Kellogg (NYSE:K) and those magical elves over at Keebler fixed up a somewhat tasty second-quarter earnings report, despite rising commodity costs for staples such as corn. With an 11% increase in revenue, overall internal net sales growth (excluding exchange rates) of 6%, and 9% EPS growth for the quarter, Kellogg is actually increasing its earnings guidance for the year to $2.95 to $3.00 per share.

To put things in perspective, recently General Mills (NYSE:GIS) posted a 13.4% sales increase and a whopping 22.6% increase in cost of goods sold for the quarter, citing price as a major component of the revenue jump. While Kellogg reported a somewhat lower revenue increase than its main breakfast competitor, Kellogg's quarterly cost of goods sold only climbed by 15.9%. With a product portfolio including Cheerios, General Mills may be more susceptible to commodity price jumps, but in any case, Kellogg looks to be watching costs, delivering an overall selling and administrative cost increase of 6.4% even with a double-digit increase in advertising spending.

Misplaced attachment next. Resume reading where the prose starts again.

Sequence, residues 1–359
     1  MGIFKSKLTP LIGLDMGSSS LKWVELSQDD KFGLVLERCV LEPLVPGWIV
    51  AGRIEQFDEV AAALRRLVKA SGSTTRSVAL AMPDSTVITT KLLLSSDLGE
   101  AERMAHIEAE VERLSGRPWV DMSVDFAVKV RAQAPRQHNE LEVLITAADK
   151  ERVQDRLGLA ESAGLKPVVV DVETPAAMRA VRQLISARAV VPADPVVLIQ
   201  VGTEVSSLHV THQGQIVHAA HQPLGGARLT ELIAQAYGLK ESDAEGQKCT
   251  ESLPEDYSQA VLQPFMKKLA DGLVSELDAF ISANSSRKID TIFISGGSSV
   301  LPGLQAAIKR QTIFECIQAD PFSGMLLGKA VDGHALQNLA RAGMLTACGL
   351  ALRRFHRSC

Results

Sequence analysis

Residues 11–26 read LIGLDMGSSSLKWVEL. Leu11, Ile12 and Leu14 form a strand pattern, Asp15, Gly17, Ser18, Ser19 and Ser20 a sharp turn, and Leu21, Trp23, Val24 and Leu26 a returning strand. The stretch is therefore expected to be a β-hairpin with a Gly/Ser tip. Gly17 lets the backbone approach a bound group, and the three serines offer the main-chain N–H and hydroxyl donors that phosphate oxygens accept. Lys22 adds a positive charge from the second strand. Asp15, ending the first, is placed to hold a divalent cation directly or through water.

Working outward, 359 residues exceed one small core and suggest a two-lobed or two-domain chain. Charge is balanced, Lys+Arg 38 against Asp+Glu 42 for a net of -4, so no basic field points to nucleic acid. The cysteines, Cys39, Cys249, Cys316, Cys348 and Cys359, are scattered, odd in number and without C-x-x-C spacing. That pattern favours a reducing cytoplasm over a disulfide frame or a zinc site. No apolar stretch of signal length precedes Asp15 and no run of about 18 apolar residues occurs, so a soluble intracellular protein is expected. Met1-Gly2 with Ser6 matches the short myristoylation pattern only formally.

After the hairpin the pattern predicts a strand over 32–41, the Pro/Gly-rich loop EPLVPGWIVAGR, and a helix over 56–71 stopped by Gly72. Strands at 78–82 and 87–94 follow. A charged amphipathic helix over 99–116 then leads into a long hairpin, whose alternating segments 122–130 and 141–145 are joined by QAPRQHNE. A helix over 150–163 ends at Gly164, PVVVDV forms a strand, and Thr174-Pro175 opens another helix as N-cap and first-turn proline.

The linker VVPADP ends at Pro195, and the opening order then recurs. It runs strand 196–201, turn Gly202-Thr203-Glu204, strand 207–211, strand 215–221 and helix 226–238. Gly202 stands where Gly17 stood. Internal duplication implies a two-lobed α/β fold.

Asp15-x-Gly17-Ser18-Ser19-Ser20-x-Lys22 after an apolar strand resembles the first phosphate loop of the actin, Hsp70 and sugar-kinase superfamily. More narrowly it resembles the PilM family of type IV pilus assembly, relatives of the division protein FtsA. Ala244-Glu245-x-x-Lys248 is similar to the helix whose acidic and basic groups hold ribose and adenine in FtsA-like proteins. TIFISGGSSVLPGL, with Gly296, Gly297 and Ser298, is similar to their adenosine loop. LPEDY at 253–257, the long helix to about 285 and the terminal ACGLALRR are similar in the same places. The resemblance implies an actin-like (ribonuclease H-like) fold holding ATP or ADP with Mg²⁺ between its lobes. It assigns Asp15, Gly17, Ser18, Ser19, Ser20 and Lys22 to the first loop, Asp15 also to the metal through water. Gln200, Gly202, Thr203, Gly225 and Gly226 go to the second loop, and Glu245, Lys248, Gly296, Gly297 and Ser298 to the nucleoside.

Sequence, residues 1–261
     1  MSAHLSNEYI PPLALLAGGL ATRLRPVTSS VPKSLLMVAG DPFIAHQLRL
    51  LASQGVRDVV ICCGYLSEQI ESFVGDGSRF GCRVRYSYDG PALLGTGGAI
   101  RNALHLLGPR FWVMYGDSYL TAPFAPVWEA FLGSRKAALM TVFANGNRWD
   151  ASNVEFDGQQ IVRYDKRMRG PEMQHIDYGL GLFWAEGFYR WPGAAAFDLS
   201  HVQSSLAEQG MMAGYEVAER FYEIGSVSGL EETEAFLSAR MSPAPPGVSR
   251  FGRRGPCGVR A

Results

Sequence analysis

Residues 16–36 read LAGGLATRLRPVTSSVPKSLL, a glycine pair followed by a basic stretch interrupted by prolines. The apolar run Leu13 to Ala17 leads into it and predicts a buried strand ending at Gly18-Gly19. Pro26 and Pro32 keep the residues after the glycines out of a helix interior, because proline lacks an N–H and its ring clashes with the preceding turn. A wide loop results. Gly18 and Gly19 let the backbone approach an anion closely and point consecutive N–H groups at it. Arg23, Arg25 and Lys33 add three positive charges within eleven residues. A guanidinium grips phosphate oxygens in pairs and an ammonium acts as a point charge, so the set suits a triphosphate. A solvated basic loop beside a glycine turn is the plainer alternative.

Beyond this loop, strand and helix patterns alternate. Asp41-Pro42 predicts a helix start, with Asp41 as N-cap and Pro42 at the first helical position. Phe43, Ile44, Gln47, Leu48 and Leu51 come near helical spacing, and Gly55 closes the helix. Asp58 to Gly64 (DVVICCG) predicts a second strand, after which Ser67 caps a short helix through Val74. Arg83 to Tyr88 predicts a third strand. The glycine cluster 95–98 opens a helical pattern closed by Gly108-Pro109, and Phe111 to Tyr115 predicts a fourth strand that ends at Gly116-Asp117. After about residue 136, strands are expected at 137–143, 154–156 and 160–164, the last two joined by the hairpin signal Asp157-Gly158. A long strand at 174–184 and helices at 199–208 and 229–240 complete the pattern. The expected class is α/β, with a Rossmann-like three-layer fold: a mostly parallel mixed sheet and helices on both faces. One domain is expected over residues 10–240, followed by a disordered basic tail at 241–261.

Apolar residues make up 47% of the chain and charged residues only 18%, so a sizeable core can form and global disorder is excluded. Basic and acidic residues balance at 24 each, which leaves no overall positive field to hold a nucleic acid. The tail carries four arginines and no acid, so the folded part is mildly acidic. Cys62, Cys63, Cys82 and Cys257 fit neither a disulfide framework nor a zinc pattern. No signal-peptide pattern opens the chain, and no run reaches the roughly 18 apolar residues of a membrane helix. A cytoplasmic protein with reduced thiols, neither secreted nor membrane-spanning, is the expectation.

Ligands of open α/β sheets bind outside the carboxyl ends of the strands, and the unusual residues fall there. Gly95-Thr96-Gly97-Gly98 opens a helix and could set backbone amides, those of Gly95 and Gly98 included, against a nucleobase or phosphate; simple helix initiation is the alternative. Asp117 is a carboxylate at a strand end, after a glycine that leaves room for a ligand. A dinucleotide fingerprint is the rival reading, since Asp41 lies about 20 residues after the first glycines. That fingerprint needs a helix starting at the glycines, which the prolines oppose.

The food sector has been a mixed bag lately. Kraft Foods (NYSE:KFT) balanced pricing with commodity price increases to achieve a 6.9% organic earning increase for its second quarter. Heinz (NYSE:HNZ) is using international sales growth to drive results, and ConAgra (NYSE:CAG) achieved a 15.5% fourth-quarter revenue increase, but had only a 1.3% increase in operating profits to show for it.

Kellogg's operating profits increased 2% for the quarter on an 11% revenue jump, so certainly increasing commodity prices are cutting into profits. Kellogg is focusing on international sales growth with its recent purchase of China's Zhenghang Foods. Considering the outlook on commodities for the near future, international expansion certainly looks like a good bet to deliver continued snap, crackle, and pop to Kellogg's earnings growth.

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Fool contributor Colleen Paulson does not hold positions in any of the stocks mentioned above and is an admitted Froot Loops fan. The Fool's disclosure policy has snapped and crackled, but never popped.